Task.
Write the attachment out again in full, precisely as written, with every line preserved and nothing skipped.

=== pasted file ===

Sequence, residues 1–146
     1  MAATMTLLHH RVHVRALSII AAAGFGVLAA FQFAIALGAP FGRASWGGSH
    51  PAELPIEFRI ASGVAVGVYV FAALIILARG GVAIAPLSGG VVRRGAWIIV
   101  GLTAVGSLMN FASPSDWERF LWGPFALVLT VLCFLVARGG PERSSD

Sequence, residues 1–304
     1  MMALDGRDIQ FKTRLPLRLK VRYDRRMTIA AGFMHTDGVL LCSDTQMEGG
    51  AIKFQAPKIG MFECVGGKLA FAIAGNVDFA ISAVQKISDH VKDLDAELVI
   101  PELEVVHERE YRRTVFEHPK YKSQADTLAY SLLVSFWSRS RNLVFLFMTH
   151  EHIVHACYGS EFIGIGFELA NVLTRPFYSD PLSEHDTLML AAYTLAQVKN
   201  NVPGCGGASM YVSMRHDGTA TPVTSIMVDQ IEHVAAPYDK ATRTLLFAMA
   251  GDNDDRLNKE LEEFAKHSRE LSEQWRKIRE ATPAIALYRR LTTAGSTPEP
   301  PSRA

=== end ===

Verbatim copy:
Sequence, residues 1–146
     1  MAATMTLLHH RVHVRALSII AAAGFGVLAA FQFAIALGAP FGRASWGGSH
    51  PAELPIEFRI ASGVAVGVYV FAALIILARG GVAIAPLSGG VVRRGAWIIV
   101  GLTAVGSLMN FASPSDWERF LWGPFALVLT VLCFLVARGG PERSSD

Sequence, residues 1–304
     1  MMALDGRDIQ FKTRLPLRLK VRYDRRMTIA AGFMHTDGVL LCSDTQMEGG
    51  AIKFQAPKIG MFECVGGKLA FAIAGNVDFA ISAVQKISDH VKDLDAELVI
   101  PELEVVHERE YRRTVFEHPK YKSQADTLAY SLLVSFWSRS RNLVFLFMTH
   151  EHIVHACYGS EFIGIGFELA NVLTRPFYSD PLSEHDTLML AAYTLAQVKN
   201  NVPGCGGASM YVSMRHDGTA TPVTSIMVDQ IEHVAAPYDK ATRTLLFAMA
   251  GDNDDRLNKE LEEFAKHSRE LSEQWRKIRE ATPAIALYRR LTTAGSTPEP
   301  PSRA